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Horton Law Firm Blog Carano v. Disney Wrongful Termination Lawsuit Update

 | Carano v. Disney Wrongful Termination Lawsuit Update

In February 2024, Star Wars actress Gina Carano, who played Cara Dune in the Disney+ show The Mandalorian, filed a lawsuit against Disney based on her termination back in 2021. She claimed wrongful termination based on her political speech and discrimination based on her sex, as male co-stars spoke about similar issues without repercussion. I wrote about the lawsuit, including how it might fare under South Carolina law, in a blog post that you can read here. At that early stage, however, the only facts we had were what Carano alleged in her lawsuit, and I didn’t know at the time what defenses Disney would raise in response.

Disney’s Motion to Dismiss Carano’s Wrongful Termination

Since then, Disney responded by filing a Motion to Dismiss in early April 2024, seeking to have the lawsuit thrown out altogether. Disney argues the First Amendment is a complete bar to Carano’s legal claims, because the state of California cannot Force Disney (yes, I’m going to use that pun to death, don’t worry) to use an employee such as Carano who would, in Disney’s view, impair Disney’s ability to convey its own message. Disney argues that existing case law (prior court decisions) allows Disney to choose who to associate with in the creative process and associated expressive speech. 

If Disney wins its Motion to Dismiss, then the case is ejected prior to the court making the jump to hyperspace. But at the hearing on June 12, 2024, the judge did not seem likely to dismiss the whole lawsuit. Generally speaking, the Motion to Dismiss relates mostly to whether the lawsuit was pleaded properly (i.e., written with sufficient detail that, if accepted as true, would allow her to win). But Disney wants to argue the substance at this early stage of the case, which the judge indicated was too early, since Carano had not yet had a chance to engage in the discovery process (requesting documents from Disney and taking depositions of the witnesses and higher ups at Disney). The judge has not ruled yet on Disney’s motion, but at this point, I would expect the judge to deny the motion and allow the parties to continue the lawsuit. Later in the case, Disney will have another opportunity to file a motion for summary judgment that would seek to have the case thrown out once again, prior to a jury trial.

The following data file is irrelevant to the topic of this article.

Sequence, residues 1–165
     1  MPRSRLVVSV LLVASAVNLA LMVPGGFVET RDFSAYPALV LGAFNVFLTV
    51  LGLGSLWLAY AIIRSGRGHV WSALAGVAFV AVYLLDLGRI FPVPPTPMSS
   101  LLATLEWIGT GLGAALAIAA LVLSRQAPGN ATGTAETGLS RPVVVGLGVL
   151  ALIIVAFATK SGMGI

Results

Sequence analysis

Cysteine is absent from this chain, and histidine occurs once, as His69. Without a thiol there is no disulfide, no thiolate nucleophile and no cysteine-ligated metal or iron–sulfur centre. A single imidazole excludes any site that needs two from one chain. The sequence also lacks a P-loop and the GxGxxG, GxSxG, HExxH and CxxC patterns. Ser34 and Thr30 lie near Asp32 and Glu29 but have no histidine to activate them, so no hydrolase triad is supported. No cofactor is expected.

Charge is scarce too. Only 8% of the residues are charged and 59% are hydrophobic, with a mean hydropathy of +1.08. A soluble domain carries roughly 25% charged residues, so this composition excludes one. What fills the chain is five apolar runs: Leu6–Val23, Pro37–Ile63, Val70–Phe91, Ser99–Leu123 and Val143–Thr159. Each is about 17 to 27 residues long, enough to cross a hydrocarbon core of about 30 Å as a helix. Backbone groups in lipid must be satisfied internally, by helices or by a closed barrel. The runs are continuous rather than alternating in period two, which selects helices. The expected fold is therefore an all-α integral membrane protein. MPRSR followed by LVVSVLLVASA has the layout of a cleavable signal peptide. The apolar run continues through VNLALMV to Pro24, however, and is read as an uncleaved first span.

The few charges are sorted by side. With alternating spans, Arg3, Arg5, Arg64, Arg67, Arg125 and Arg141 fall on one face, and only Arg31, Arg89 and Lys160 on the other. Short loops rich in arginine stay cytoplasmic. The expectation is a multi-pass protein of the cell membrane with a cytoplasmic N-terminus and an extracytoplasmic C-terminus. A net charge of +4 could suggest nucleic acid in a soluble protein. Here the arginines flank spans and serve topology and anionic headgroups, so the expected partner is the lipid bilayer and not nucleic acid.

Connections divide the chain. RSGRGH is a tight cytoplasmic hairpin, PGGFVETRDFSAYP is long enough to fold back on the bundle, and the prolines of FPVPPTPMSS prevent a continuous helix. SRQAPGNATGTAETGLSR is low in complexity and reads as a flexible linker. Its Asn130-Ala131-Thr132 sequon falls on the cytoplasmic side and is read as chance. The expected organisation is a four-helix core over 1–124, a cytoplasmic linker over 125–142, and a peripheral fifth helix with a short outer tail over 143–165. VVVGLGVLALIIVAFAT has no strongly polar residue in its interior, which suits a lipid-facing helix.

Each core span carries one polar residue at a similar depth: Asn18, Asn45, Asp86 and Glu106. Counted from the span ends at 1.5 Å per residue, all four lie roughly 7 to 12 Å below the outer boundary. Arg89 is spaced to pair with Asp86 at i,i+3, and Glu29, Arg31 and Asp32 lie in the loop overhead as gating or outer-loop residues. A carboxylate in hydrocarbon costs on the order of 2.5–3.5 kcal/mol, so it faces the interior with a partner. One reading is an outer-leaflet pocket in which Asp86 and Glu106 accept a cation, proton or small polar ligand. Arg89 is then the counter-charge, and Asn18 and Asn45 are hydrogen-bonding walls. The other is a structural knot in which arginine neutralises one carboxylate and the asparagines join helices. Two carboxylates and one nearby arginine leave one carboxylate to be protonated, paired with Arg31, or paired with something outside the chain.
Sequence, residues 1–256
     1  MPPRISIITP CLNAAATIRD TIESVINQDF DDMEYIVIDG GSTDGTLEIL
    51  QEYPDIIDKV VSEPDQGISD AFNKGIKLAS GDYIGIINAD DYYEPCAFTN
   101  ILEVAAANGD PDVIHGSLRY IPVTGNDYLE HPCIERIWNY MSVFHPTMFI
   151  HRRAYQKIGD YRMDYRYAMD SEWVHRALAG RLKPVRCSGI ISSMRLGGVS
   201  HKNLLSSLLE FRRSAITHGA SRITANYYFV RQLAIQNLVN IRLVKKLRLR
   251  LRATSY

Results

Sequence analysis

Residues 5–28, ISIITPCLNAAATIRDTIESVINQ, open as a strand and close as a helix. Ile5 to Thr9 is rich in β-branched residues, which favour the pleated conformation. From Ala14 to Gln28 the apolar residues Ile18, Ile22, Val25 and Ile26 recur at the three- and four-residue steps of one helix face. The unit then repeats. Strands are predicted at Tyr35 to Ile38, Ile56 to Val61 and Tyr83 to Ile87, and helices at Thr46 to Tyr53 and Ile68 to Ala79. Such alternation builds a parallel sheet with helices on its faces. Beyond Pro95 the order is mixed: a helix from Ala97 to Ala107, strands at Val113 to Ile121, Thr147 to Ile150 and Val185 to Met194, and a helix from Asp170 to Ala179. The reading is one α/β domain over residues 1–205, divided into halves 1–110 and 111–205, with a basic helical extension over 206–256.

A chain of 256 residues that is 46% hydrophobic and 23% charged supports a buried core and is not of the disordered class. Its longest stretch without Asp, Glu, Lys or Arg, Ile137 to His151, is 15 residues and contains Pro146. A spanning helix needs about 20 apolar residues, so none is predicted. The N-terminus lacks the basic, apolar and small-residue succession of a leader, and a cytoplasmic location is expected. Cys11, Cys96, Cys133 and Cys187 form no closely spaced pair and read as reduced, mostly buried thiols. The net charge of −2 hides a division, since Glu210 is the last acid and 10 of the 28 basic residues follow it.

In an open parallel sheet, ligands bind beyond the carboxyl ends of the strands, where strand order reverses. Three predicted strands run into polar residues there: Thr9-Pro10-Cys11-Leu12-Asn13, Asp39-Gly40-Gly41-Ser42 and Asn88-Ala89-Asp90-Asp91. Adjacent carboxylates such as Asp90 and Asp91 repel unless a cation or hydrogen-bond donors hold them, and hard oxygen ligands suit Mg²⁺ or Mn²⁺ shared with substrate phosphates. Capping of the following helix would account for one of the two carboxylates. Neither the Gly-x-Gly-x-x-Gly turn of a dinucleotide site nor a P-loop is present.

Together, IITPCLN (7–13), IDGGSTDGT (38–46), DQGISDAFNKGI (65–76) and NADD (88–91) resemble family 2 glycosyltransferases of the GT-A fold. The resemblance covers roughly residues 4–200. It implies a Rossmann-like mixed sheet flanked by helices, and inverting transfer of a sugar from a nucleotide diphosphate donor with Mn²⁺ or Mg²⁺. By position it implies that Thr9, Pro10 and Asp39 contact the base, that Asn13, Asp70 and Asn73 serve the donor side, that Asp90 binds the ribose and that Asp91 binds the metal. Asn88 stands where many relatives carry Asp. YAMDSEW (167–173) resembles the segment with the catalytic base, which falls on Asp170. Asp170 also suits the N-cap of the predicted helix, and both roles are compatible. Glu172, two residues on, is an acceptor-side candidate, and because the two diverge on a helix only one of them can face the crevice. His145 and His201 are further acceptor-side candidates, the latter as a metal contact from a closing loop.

But at the very least, we have a better idea of what legal arguments Disney will be using in order to fight Carano’s wrongful termination lawsuit. 

Takeaways for South Carolina Employees

As I’ve written about before, South Carolina employees have state-law protection against an employer terminating an employee for exercising certain political rights. However, state employees have greater free speech protections than employees of private corporations, so I’m not sure that the Political Rights Statute in S.C. would be much help to Carano, just as very few cases are brought in South Carolina under that statute anyway. But most employees (so long as the company has at least 15 employees) in South Carolina have protection against sexual discrimination, where a male co-worker is treated more favorably than a female employee for the same or similar conduct. In my view, this is probably Carano’s stronger claim. 

If you have possible claims for discrimination based on sex, race, religion, age, disability, or exercise of political rights, you should speak with a South Carolina employment lawyer about your case in more detail. 

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